NamelessRC NLRC AIO 412(T) and JESC

In my last article I showed how you can get RPM filtering on your AIO flight-controller with BLHELI_S. Since then I heard from couple of people that they seem to have fried the ESC’s on their NamelessRC AIO 412(T) after flashing JESC. They did everything as per tutorial - we double checked versions, magnet count and everything else we could think of.

TLDR: DO NOT USE THE RECOMMENDED HEX FOR THE NAMELESSRC NLRC AIO 412(T) when flashing JESC.

I opened an issue in the JESC repo and contacted NamelessRC on facebook. In the meantime I tried to collect some data about working setups and those who burned theirs ESC’s. Turns out that most people that were flying on 2S seem to have no issues (although some reported of high core temperature in Betaflight), but everyone on 3S or 4S had issues.

Shortly after finding this out, NamelessRC came back to me. One of their engineers investigated the claims and found out, that the issue does not occur with a different version of the JESC firmware.

The NamelessRC engineer recommends using the firmware version P-H-90 instead of P-H-15 that the ESC’s are originally flashed with.

To flash this version you have to check the checkbox for ignoring ESC layout in the JESC configurator.

CAUTION: Deadtime is derived from the characteristics of the FET’s based on its datasheet.You should not flash firmwares with different deadtimes in order to tune your quadcopter. It is the responsibility of the ESC’s manufacturer to have the proper firmware flashed.

Great - but what is the difference between those two versions?

After consulting the BLHELI_S manual I managed to shed some light on the number sequence of the firmware:

The first character can be anything from A-W and indicates the variant of the MCU. Variant in this context is reflecting how the pins are connected to the FET’s and other peripherals on the MCU.

The second character can be either H or L, H(igh) being 48Mhz and L(ow) being 24MHz, representing the clock speed of the MCU. The number on the end is the FET deadtime.

But what exactly is the deadtime and why does the issue go away with a higher deadtime?

Deadtime

This is a very simplified version of what an ESC does, just so I can explain what deadtime actually does.

The ESC’s job is to switch the power to the three motor wires quickly after one another in order to get the motor spinning. With each step two of the three wires are connected to ground and positive and are then quickly inverted. In the first half the magnet is attracted and in the second half the magnet is repelled. If we label our motor motor wires A, B and C one cycle would look like so:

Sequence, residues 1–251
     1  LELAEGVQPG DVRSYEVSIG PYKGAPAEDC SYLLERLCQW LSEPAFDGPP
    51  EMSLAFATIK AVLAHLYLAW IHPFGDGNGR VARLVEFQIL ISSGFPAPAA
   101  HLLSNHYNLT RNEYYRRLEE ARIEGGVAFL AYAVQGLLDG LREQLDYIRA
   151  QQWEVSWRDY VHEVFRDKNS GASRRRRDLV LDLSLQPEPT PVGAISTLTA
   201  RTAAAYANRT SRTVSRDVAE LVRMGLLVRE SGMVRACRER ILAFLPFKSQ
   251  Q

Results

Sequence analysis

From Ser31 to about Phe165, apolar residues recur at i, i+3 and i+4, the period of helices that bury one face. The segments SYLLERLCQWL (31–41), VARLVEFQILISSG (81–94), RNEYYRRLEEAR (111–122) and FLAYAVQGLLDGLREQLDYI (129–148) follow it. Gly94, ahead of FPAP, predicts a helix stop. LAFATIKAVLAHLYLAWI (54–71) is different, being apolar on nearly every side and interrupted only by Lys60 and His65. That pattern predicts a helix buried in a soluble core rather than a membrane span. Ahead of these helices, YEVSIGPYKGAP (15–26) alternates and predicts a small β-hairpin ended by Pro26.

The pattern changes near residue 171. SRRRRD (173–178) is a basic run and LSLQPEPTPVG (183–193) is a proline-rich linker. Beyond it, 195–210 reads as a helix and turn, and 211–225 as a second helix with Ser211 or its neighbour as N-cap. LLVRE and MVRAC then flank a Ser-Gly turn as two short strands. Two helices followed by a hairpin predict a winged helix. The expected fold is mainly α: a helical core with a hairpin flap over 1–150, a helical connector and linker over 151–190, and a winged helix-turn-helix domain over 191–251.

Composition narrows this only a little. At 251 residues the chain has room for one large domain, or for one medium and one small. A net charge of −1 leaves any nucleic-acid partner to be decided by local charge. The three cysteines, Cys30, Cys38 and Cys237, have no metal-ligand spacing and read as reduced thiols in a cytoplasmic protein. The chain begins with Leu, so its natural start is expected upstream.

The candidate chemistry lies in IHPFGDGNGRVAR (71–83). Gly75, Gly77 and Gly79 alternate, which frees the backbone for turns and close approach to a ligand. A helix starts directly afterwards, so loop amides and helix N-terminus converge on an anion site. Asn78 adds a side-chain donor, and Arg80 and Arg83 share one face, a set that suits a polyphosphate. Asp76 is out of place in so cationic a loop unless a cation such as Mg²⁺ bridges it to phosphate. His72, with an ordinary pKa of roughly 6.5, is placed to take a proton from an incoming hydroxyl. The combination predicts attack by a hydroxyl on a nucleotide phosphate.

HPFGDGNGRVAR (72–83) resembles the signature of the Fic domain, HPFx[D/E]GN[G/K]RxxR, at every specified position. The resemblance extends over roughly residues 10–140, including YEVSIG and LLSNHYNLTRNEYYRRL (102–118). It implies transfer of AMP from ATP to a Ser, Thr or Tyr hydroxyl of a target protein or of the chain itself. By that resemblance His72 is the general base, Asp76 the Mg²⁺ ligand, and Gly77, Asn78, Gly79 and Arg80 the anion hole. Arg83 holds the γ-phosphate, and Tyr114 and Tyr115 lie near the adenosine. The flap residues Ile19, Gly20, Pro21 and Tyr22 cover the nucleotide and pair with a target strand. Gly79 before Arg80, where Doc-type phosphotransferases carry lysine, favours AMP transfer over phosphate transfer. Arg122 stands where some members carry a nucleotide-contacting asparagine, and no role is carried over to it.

• A+ B- (attracting)
  • A- B+ (repelling)
  • C- B+ (attracting)
  • C+ B- (repelling)
  • C+ A- (attracting)
  • C- A+ (repelling)

those six steps are then repeated ad Infinitum and make the motor spin. The quicker this is done, the faster the motor spins.

The Mosfets task is to connect the motor wires to ground and positive - so basically each motor is driven by six Mosfets. Two for each wire, one connecting the wire to ground and one to positive.

During the inversion step, where we are transitioning from attracting to repelling the magnet, the Mosfets connect the same wire to plus and minus, resulting in a short circuit. To be more specific: the Mosfet currently connecting the wire to minus is not fully open yet and the one connecting the wire to plus is not fully closed:

This results in an effect called shoot-through, which is basically a short circuit. This only happens for a very brief amount of time, but results in a lot of current being drawn, heating up the Mosfet and ultimately killing it.

This is where deadtime comes into play. This is the time that the Mosfet has to wait between switching the wire to either ground or positive. Basically the wire is disconnected from positive by the first Mosfet, the second Mosfet waits deadtime amount of time and then connects the wire to ground.

Higher deadtime improves the issue of shoot-through. Ground and positive are if at all only shortened for a short time, less current is drawn and the Mosfet stays cooler.

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Does it work?

As mentioned before, I did not run into this issue with my 2S setup. But I nevertheless flashed P-H-90, simply to see what happens. I could not notice any difference in flight characteristics.

Until now I have no confirmation that it indeed works with 3S and up - so should you dare to try, I would love to hear about it.

One interesting thing to note is, that at least one person reported, that their setup was working fine on 3S before upgrading to JESC. This is what I do not fully understand yet - why did the low deadtime not cause trouble on the original BLHELI_S setup?

One possibility, mentioned by the JESC developer is, that the initial firmware was indeed P-H-90 simply tagged incorrectly as P-H-15. When updating the firmware, the configurator would go for version P-H-15 resulting in the wrong firmware to be written to the ESC. Reverting to the original BLHELI_s version would then of course also result in the wrong version to be flashed.

NamelessRC told me, that this is in fact not the case. They state that P-H-15 is in fact the version they flash at the factory and we should use P-H-90 if we want to flash JESC.

Chris is a Vienna based software developer. In his spare time he enjoys reviewing tech gear, ripping quads of all sizes and making stuff.

Learn more about Chris, the gear he uses and follom him on social media:

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